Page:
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By the way, the artist behind these series is Orthodox Christian, non-smoking, and heterosexual.

That’s him:

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7 thoughts on “Russia’s Rewind

  1. Boryana

    I entirely agree and share your indignation. Facing things like this, it is tempting to say that things never change – though the reality is that they do – but slowly and not always in the way we would like them to. Think about it – would it have been possible at all to express your views publicly in Russia 50 years ago, as you do now, internationally? The non smoking, heterosexual artist would be history by now.

    This article from The Economist gives a very good analysis of the ‘zombie democracy’ in post dictatorial countries. I come from Bulgaria, so I am painfully aware of it. http://www.economist.com/news/leaders/21579850-note-turkeys-prime-minister-among-others-winning-elections-not-enough-zombie-democracy
    Having said all that – this is RUSSIA – and the Russian creative genius has produced its best masterpieces under some sort of oppression. As bad as it is, oppression fuels genius. OK, this can turn into a very log discussion. All I want to say here is that the Welcome to Sochi series is great in a Bulgakov sort of way. So it is all there alive and thriving …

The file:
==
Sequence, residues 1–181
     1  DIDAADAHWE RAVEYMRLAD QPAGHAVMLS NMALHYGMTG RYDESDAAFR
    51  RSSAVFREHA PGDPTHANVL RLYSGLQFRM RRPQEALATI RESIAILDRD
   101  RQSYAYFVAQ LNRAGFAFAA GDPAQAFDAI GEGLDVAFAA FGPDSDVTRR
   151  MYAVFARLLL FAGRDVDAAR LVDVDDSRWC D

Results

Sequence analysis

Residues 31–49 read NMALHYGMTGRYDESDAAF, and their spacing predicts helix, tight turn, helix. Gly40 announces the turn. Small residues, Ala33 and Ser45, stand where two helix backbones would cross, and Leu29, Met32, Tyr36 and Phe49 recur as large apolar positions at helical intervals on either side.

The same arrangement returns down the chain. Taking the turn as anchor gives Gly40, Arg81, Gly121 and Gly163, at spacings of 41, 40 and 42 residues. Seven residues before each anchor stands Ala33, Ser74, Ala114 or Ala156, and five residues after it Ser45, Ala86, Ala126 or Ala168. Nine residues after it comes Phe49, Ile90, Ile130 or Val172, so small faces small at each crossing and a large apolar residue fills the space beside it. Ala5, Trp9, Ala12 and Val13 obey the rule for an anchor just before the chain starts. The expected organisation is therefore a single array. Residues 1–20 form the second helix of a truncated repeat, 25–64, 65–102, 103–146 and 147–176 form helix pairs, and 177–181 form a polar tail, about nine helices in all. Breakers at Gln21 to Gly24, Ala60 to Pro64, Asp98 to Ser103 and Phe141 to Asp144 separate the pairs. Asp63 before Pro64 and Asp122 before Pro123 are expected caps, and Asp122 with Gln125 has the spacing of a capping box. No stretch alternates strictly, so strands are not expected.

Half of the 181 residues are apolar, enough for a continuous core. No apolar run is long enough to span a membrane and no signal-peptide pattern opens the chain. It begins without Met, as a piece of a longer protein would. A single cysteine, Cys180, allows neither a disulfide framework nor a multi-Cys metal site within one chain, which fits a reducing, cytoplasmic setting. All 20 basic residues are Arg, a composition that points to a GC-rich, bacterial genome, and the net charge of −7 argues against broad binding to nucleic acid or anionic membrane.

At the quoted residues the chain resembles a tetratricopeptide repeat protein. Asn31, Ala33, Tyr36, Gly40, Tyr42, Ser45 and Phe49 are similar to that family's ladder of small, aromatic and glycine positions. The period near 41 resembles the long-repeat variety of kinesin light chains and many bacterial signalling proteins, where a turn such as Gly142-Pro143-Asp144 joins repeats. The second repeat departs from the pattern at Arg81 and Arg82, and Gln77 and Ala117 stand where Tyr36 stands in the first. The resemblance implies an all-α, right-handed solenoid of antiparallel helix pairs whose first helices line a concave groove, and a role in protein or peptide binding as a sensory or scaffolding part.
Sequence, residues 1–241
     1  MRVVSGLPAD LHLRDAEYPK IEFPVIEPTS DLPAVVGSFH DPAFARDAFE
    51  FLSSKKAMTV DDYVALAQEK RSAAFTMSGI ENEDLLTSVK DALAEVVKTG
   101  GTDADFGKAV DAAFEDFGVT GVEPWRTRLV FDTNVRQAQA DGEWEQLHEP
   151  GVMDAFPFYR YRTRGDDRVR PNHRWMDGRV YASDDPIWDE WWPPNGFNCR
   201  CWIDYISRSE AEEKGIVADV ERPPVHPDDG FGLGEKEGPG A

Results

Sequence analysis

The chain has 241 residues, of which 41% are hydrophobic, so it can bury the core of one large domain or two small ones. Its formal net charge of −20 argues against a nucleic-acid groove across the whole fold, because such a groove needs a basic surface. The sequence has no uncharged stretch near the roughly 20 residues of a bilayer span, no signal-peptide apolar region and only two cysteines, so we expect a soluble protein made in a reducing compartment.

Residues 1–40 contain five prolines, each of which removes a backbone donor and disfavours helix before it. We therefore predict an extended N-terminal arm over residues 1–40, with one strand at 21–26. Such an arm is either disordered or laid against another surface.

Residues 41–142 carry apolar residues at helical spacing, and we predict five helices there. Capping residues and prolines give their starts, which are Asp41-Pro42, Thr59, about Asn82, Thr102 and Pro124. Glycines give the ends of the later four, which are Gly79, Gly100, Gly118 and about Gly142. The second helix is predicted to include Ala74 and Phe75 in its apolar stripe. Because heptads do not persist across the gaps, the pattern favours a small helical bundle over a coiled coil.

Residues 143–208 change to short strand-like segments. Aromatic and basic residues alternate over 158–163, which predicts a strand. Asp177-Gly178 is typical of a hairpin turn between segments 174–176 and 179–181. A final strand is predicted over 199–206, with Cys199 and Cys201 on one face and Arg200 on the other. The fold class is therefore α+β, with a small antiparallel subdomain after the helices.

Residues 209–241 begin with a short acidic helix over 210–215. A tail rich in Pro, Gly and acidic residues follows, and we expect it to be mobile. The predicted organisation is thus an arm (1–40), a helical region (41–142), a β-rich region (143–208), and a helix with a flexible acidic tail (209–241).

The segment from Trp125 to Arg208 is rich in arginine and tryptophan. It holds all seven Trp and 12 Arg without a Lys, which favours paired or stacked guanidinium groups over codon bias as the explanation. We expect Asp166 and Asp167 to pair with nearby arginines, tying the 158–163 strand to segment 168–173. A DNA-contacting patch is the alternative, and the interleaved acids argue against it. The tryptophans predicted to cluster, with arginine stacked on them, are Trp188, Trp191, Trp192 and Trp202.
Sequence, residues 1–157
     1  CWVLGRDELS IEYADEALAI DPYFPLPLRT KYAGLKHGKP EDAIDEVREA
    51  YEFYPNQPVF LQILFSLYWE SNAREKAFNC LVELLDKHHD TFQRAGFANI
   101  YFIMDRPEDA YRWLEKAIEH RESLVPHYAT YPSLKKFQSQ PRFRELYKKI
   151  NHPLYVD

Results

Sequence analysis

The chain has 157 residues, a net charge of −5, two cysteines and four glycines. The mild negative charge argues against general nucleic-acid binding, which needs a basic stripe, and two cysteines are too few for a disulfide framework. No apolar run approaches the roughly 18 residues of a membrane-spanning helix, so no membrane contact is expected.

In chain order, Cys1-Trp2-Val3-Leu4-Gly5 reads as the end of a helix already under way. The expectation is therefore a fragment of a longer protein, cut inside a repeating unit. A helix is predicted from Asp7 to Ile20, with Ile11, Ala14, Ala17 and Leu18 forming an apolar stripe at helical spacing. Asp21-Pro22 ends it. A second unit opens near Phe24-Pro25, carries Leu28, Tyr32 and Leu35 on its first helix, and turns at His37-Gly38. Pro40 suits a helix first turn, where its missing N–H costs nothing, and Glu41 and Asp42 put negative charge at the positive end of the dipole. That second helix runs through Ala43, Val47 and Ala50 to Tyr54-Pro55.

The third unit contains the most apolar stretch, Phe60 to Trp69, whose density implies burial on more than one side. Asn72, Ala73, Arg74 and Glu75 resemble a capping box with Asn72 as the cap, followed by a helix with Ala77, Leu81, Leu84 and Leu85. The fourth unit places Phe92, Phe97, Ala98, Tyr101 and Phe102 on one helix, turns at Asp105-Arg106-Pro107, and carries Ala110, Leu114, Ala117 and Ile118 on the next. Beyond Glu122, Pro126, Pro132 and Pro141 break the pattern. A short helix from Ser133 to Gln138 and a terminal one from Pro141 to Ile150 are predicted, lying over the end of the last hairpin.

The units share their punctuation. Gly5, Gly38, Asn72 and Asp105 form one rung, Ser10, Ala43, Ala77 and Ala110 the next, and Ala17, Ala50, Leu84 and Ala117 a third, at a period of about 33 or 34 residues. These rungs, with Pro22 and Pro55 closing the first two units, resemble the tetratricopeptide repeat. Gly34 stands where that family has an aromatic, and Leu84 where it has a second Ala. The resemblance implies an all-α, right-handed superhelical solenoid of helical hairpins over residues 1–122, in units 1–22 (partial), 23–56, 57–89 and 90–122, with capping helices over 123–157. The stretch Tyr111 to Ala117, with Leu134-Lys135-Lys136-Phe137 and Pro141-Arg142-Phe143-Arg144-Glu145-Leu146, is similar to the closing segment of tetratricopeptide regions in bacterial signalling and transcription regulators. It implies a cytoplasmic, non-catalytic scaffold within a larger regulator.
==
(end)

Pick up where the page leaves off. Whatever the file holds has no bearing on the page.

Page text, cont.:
Reply
    1. artmoscow Post author

      Thanks for the link – zombie democracy – a very concise definition of what we have in Russia today )) You suggested an interesting theme for discussion, whether oppression fuels a genius – but it is definitely a matter for a separate post. As for my ability to write internationally, well – one could write some criticism in Russia in the 1920s. And then came the 30s )

      I

      Reply
  2. desfischersseele

    I believe, and this makes me really damaged, we live in an always-time-century. The more increases the freedom of the individual, the greater is the fear of the governments of the individual. The deeper one wants to invade every aspect of our lives – in the end in every aspect of our thoughts and attitudes. We know where it’s ending:
    War is Freedom, Freedom is Slavery, Ignorance is Strength

    Reply
    1. artmoscow Post author

      War is peace )

      For me the big problem is that my starting point was 1984 and I don’t want to go not only back, but really backwards, to the times when my grand-grand parents were executed as enemies of the state.

      Reply
      1. desfischersseele

        The Frenchman Etienne de la Boetie wrote once: “The habit is the first cause of voluntary servitude.” This applies to any society, but not for every society at the same time. Today it is the people in Syria, in Brazil or Turkey, who want to change their habits. Yesterday it was in Tunisia or Egypt. And who knows, maybe tomorrow there are people in Russia. This is a fundamental truth: Man does not have to tolerate everything. He does not lower his head constantly.

        Reply
    1. artmoscow Post author

      I am gobsmashed that people who were prominent members of the communist party are today devout, zealous believers. How people change.

      Reply